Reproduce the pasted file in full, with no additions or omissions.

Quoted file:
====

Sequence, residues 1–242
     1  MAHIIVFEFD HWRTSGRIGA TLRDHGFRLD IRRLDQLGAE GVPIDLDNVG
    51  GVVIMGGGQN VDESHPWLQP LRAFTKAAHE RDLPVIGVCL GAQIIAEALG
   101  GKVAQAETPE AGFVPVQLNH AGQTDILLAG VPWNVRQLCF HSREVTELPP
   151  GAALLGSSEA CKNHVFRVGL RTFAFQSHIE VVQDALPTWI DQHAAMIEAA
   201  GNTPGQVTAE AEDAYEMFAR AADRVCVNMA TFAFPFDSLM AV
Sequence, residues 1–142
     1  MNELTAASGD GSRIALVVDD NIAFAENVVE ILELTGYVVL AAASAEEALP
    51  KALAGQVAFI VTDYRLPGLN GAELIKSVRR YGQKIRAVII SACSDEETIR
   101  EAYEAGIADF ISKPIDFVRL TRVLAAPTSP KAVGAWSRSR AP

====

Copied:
Sequence, residues 1–242
     1  MAHIIVFEFD HWRTSGRIGA TLRDHGFRLD IRRLDQLGAE GVPIDLDNVG
    51  GVVIMGGGQN VDESHPWLQP LRAFTKAAHE RDLPVIGVCL GAQIIAEALG
   101  GKVAQAETPE AGFVPVQLNH AGQTDILLAG VPWNVRQLCF HSREVTELPP
   151  GAALLGSSEA CKNHVFRVGL RTFAFQSHIE VVQDALPTWI DQHAAMIEAA
   201  GNTPGQVTAE AEDAYEMFAR AADRVCVNMA TFAFPFDSLM AV
Sequence, residues 1–142
     1  MNELTAASGD GSRIALVVDD NIAFAENVVE ILELTGYVVL AAASAEEALP
    51  KALAGQVAFI VTDYRLPGLN GAELIKSVRR YGQKIRAVII SACSDEETIR
   101  EAYEAGIADF ISKPIDFVRL TRVLAAPTSP KAVGAWSRSR AP